Förderung der Tabakabstinenz in der hausärztlichen Praxis: Die aktuelle Situation in Deutschland

B. Groβ*, S. Ulbricht, J. Rüge, U. John, C. Meyer, H. J. Rumpf

*Corresponding author for this work
1 Citation (Scopus)


Aim: Screening and counselling for tobacco smoking in general practices should be enhanced because there is a high degree utilisation of general practices in Germany and brief interventions have shown their efficacy. There are clinical guidelines for smoking cessation, but they are implemented insufficiently. General practitioners feel responsible for prevention, but the lack of systematic screening as well as advising patients on smoking cessation on a routine basis is evident. The aim of this study is 1st) to review the state of research of brief interventions enhancing tobacco abstinence in general practices, 2nd) to investigate the frequency and conditions of addressing smoking in a representative sample of patients in the general practice and 3rd) to introduce innovative approaches that are promising to improve the current situation.

Methods: Patients of a random sample of 34 general practices (participation rate 87%) in Western Pomerania were screened consecutively. 2016 fulfilled the inclusion criteria of being a smoker between 18 and 70 years of age, from which informed consent for study participation was obtained by 1653 (82%). The present analyses is based on patients that have been visiting the same general practice for more than one year (N=1066). Patients answered a questionnaire in the waiting room.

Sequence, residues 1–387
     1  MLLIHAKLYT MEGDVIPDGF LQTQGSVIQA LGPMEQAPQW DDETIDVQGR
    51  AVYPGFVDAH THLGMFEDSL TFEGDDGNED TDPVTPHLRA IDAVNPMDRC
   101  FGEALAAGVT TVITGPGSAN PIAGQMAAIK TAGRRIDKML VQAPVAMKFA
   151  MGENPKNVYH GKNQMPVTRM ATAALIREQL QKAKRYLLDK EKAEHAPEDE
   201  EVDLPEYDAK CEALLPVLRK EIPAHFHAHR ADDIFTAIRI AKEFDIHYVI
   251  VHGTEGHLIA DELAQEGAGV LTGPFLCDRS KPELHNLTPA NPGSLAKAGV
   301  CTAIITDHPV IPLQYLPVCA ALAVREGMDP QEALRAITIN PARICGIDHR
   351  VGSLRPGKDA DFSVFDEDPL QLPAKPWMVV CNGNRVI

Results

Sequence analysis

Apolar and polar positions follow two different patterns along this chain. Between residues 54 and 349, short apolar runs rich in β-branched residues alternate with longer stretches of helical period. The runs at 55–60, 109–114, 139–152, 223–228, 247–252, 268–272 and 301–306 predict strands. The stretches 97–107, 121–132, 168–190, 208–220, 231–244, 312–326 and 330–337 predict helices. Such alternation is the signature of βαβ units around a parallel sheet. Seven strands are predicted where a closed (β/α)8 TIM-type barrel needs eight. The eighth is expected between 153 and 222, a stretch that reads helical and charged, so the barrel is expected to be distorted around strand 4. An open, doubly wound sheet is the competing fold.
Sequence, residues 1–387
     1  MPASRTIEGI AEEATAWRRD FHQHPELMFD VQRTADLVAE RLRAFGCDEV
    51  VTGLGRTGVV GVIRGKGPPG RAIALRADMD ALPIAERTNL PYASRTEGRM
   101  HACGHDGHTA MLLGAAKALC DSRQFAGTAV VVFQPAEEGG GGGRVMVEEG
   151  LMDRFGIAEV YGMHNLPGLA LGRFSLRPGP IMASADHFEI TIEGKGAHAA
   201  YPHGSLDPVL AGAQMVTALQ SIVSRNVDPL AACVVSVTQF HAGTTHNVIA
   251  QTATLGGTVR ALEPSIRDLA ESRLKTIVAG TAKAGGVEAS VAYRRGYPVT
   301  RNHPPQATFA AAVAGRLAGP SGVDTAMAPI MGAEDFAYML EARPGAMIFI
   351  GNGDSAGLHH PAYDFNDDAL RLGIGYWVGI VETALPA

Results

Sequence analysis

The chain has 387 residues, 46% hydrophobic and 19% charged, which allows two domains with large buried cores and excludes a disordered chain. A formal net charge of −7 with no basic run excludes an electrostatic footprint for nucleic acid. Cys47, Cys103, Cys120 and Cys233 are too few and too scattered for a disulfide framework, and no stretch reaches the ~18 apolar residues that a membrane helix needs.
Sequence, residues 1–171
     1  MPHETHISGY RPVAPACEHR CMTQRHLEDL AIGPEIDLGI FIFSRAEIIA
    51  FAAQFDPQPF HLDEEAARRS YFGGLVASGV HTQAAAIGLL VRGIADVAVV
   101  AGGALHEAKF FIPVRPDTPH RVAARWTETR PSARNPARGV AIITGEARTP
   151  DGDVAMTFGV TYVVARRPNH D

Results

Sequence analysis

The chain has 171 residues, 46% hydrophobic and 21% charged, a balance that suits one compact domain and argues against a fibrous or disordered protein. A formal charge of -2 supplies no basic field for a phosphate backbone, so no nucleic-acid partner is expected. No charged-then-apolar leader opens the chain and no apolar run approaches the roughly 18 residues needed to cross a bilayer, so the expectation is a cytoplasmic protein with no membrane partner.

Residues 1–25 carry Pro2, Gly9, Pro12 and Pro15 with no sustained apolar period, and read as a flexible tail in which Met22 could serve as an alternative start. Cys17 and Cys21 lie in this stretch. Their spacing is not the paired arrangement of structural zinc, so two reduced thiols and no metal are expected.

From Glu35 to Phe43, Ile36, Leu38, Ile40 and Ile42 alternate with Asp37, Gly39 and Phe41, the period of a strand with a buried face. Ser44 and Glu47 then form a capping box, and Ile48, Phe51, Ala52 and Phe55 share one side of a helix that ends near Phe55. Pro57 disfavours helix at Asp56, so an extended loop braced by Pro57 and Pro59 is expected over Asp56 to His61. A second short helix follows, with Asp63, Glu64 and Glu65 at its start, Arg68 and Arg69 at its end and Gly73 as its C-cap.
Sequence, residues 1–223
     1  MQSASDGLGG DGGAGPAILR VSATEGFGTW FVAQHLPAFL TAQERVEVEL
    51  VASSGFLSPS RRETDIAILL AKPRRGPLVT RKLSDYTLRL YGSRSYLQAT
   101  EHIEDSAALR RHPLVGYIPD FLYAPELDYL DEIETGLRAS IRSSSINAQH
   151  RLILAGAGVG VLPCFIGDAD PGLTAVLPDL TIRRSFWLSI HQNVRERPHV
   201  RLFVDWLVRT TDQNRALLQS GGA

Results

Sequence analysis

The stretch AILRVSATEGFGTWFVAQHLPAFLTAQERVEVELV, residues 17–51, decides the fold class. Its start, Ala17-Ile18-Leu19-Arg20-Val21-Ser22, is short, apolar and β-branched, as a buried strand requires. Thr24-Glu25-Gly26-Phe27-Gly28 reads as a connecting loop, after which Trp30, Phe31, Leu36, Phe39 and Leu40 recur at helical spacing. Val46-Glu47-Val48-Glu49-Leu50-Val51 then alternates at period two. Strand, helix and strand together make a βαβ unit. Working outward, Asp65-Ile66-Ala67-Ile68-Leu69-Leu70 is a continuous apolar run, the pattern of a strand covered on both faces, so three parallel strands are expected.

Results: A proportion of 42% reported ever having been addressed towards their smoking behaviour by their general practitioner. Considering the previous 12 months the proportion was 27%. There was a difference between those patients and patients not having been addressed during the previous 12 months indicating that addressed patients were older, smoked more cigarettes per day and were more dependent. The frequency of males, having a quit attempt during the last 12 months, and using smoking cessation aids during the last 12 months was higher in this group. Logistic regression analysis including all important univariate variables confirmed all recovered associations but number of cigarettes smoked per day.

Conclusion: Clinical practice guidelines for smoking cessation are only realised for every fourth smoker when looking at the suggestion to provide an advice to stop smoking at least once a year. Our analysis indicates that probably those smokers are addressed in which the negative consequences of smoking are more obvious. The counselling situation in general practices could be improved by training in motivational conversation techniques, involvement of the praxis team or usage of recall aids.
Original languageGerman
Issue number4
Pages (from-to)141-147
Number of pages7
Publication statusPublished - 2007

Research Areas and Centers

  • Academic Focus: Center for Brain, Behavior and Metabolism (CBBM)

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